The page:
4. We shall first deal with the objection of the decree holder to the transfer of the execution to the court at Indore having jurisdiction over the property sought to be brought to sale. The decree holder who appeared in person as also the counsel who was appearing on his behalf in Petition for Special Leave to Appeal (Civil) No. 7742 of 2006 argued that Section 39(4) of the Code as amended in 2002, was not attracted since this was not a case to which Section 39(1) was applicable. It was contended that the court which passed the decree had the jurisdiction to execute the decree and the decree holder had approached that court for execution of the decree. There was no defect in jurisdiction in seeking to enforce the decree through the court which passed the decree.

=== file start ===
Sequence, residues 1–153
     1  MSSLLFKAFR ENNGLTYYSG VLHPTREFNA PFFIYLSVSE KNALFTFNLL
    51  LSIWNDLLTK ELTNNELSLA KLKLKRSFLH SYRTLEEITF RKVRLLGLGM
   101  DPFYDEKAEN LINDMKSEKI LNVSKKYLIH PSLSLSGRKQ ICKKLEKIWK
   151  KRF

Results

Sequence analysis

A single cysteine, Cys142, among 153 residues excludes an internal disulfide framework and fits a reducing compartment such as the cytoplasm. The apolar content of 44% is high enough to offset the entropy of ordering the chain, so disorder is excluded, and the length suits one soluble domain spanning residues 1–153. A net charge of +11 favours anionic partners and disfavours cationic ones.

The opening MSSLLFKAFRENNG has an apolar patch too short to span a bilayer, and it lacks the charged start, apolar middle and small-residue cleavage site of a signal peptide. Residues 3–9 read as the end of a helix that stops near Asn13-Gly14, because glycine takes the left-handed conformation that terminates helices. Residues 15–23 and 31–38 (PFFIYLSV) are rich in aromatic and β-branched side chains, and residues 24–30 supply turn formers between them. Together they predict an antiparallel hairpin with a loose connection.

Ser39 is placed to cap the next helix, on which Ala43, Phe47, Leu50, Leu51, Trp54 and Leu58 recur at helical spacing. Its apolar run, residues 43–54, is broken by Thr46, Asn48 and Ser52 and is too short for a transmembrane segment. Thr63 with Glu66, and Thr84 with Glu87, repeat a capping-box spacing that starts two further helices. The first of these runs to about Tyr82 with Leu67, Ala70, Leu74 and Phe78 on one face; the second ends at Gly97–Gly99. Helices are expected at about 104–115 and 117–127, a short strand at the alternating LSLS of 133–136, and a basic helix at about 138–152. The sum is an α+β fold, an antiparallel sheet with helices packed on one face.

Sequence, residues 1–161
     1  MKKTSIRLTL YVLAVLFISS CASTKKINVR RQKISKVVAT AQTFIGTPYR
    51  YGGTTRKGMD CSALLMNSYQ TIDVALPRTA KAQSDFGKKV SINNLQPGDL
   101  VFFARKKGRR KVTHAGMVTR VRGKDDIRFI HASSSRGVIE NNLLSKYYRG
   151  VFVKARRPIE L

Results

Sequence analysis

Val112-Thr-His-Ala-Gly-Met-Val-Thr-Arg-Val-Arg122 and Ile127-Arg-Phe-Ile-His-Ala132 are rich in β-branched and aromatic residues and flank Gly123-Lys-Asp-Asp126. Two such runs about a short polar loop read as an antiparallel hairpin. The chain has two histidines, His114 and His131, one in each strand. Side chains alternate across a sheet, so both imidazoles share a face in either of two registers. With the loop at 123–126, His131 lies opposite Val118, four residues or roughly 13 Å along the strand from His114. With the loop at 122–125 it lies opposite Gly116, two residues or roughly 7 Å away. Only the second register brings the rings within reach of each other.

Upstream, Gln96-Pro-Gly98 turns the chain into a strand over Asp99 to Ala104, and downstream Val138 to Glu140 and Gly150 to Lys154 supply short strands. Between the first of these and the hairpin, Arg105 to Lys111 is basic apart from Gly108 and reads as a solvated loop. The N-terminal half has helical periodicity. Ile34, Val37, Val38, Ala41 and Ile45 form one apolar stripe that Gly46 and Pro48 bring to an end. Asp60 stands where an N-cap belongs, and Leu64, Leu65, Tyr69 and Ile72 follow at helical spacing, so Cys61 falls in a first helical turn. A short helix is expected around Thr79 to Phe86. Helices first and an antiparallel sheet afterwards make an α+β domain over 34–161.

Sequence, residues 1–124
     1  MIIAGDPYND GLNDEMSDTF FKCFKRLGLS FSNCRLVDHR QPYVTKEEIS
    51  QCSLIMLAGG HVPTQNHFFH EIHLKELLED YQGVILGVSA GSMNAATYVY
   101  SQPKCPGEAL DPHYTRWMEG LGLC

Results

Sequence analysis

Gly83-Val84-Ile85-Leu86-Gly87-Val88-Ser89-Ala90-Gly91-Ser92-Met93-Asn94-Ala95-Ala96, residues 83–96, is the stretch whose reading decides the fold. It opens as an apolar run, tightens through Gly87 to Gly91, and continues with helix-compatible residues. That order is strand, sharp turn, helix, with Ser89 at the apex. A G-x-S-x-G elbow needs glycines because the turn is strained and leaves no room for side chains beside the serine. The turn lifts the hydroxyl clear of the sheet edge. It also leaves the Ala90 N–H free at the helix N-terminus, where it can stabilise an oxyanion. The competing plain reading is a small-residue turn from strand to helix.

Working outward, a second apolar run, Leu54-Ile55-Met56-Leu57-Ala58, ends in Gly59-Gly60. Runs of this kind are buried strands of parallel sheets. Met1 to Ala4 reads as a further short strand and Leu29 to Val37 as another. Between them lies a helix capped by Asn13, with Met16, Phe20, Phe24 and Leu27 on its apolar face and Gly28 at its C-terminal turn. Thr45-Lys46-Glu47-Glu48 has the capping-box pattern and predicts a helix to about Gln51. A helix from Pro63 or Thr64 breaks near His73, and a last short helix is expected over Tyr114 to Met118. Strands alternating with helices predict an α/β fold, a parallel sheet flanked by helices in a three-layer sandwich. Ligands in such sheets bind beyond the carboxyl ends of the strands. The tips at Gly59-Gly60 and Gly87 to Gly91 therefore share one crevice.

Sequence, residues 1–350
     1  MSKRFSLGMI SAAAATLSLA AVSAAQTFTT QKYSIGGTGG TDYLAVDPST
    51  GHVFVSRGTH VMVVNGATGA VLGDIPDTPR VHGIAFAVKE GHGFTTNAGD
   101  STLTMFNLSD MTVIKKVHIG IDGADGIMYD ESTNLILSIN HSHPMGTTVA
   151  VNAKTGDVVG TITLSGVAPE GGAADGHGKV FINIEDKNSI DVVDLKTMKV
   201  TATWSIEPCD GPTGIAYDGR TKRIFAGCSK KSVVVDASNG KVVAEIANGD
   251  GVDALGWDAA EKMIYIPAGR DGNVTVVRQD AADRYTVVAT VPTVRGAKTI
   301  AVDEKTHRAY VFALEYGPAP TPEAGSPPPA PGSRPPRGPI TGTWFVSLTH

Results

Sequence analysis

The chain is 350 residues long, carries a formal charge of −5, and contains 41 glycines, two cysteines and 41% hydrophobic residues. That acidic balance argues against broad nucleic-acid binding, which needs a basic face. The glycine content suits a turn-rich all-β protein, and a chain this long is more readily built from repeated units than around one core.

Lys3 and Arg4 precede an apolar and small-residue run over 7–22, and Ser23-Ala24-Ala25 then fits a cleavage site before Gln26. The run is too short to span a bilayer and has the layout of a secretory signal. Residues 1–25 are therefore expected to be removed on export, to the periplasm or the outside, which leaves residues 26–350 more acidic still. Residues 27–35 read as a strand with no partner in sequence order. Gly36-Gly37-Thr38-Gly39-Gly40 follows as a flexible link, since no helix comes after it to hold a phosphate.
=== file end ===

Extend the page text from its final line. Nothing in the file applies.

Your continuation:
It was submitted that the decree was being executed by the present court at Gwalior only because of the abolition of the court before which the execution petition was originally filed and the High Court misunderstood the factual position while coming to the conclusion that Section 39(4) was attracted. On behalf of the judgment debtor it was pointed out that though normally it is correct to say that the court which passed the decree has the jurisdiction to execute the decree, the moment the decree holder sought to execute such a decree against property lying outside the jurisdiction of that court, Section 39(4) of the Code was attracted and the court was obliged to transfer the decree for execution to the proper court. Section 42 of the Code was referred to. Counsel further contended that earlier, in terms of Section 39(1) of the Code, a discretion was vested in the court, either to proceed with the execution of the decree or to transfer the same to another court as understood by some of the decisions. There was a conflict of judicial opinion. The legislature had therefore stepped in with an amendment in the year 2002 curtailing that discretion and introducing sub-section (4) in Section 39 of the Code making it clear that any attempt of the court to proceed with the execution against a property outside the jurisdiction of that court, would be one without authority and this legislative intent had been properly understood by the High Court when it transferred to the decree to another court. Both sides brought to our notice Salem Advocate Bar Association, T.N.